By Jenn Rowell
Sens. Jon Tester and Max Baucus announced last week that Montana will receive more than $300,000 to provide housing opportunities to homeless veterans.
The $325,181 grant for housing vouchers comes from the U.S. Department of Housing and Urban Development's popular Veterans Affairs Supportive Housing program. The initiative works with local housing and support groups to provide eligible homeless veterans with services that aid recovery from physical and mental health conditions resulting from homelessness.
"This assistance goes a long way in helping us live up to our responsibilities to Montana's veterans," said Tester, a member of the Senate Veterans Affairs Committee. "More Montana veterans are coming home every day, and we have to make sure they have the tools they need to succeed. Sometimes that starts with a safe place to live so they can find work, go to school and care for themselves and their families."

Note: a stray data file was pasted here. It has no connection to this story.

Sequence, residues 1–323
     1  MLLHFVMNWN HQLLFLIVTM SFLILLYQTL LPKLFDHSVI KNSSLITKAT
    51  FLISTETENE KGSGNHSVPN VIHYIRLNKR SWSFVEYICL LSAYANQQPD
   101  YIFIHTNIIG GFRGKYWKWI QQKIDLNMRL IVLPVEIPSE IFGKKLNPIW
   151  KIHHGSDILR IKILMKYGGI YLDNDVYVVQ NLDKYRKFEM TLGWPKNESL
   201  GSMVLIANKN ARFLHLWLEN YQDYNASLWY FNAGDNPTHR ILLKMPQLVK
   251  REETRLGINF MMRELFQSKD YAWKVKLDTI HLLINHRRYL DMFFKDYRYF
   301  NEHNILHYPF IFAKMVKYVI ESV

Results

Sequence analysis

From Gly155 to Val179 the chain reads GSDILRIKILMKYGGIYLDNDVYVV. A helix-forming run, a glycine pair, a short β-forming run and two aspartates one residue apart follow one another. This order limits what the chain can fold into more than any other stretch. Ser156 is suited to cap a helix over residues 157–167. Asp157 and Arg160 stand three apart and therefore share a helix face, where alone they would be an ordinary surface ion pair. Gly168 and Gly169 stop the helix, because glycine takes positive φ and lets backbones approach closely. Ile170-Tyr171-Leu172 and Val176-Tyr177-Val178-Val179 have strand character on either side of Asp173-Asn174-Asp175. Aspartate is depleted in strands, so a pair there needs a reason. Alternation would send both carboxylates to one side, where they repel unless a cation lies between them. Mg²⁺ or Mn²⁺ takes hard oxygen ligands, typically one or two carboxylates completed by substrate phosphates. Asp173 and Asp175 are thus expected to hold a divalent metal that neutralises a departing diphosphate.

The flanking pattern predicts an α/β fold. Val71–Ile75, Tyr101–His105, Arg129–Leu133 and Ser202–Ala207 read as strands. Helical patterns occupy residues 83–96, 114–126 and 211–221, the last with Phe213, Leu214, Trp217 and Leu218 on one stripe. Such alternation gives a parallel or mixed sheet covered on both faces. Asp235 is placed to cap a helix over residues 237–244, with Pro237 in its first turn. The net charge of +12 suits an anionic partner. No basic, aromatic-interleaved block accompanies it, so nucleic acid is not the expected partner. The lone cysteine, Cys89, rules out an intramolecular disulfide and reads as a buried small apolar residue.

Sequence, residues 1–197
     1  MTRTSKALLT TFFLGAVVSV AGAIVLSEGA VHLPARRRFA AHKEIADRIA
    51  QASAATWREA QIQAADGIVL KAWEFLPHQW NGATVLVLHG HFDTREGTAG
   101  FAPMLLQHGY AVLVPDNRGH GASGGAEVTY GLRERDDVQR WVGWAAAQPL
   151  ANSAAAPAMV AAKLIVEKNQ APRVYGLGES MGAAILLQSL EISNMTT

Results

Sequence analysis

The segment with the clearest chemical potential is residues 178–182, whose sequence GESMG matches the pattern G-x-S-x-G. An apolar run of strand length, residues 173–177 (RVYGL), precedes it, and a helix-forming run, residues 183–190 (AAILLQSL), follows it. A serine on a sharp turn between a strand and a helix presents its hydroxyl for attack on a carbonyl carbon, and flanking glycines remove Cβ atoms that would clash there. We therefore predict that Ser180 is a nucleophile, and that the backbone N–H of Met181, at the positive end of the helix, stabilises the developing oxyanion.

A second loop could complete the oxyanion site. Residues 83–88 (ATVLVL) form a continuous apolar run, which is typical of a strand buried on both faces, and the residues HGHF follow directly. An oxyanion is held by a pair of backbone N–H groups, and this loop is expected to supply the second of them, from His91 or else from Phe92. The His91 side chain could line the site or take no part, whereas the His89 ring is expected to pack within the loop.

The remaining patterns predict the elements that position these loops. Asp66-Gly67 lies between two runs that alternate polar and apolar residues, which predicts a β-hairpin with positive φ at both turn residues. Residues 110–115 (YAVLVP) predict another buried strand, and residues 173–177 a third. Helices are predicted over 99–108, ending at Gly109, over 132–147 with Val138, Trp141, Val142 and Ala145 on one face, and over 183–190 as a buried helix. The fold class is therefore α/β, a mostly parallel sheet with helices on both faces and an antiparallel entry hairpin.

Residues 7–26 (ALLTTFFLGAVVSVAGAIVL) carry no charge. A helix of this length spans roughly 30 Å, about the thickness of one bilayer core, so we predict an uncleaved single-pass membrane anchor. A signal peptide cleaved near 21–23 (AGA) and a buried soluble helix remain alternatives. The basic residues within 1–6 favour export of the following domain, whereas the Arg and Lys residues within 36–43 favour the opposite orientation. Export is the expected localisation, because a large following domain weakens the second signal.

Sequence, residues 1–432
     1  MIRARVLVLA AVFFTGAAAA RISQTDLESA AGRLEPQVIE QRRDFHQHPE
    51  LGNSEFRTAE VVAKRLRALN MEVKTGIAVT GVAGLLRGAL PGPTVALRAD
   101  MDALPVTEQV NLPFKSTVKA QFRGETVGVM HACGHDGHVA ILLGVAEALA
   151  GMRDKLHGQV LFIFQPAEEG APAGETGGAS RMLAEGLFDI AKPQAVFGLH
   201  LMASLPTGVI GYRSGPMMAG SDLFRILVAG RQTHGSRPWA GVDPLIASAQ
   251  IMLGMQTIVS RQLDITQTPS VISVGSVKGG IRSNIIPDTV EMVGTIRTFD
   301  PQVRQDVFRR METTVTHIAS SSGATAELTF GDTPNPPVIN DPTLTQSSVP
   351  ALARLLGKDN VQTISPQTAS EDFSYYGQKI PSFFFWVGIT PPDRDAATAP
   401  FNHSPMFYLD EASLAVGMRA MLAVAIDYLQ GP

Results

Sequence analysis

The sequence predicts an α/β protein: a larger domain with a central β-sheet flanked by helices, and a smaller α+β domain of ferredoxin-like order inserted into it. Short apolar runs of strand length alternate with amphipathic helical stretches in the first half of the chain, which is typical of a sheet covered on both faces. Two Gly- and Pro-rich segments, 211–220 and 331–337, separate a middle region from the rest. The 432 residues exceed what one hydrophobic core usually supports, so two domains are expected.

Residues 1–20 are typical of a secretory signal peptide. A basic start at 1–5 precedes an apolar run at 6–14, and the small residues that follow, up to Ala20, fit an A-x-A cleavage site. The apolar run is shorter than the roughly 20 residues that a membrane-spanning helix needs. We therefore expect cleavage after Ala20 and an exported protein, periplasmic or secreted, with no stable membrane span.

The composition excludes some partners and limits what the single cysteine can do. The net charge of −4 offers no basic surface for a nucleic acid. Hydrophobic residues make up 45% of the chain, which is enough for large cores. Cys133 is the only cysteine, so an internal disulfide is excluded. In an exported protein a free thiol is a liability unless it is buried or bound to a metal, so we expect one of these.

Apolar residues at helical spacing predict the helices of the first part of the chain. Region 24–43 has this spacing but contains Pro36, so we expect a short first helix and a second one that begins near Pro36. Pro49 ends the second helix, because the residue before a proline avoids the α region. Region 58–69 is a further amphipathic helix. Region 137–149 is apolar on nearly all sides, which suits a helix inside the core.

According to HUD and the VA, 70 veterans in Montana will be able to find permanent housing through the HUD-VASH grant.
According to Tester's staff, 15 of those vouchers, worth $67,187 will go to the Housing Authority of Billings/the Billings CBOC. The other 55 vouchers, worth $257,994, will go to the Montana Department of Commerce and the VA Montana Health Care System based at Fort Harrison in Helena to distribute from there.
"Our veterans deserve to come home to good-paying jobs and a nation that honors their sacrifices," Baucus said. "There are few better investments than circling around veterans who are homeless to give them the tools they need to lead healthy and whole lives."
To be eligible for this program, veterans must qualify for VA Health Care, they must be homeless, and they must participate in case management services in order to receive permanent independent community housing.
According to HUD's annual "point in time" report, which estimates the number of homeless persons and families in 2012, found that veteran homelessness fell 7.2 percent, or 4,876 people, since January 2011. On a single night in January 2012, the report found, 62,619 veterans were homeless.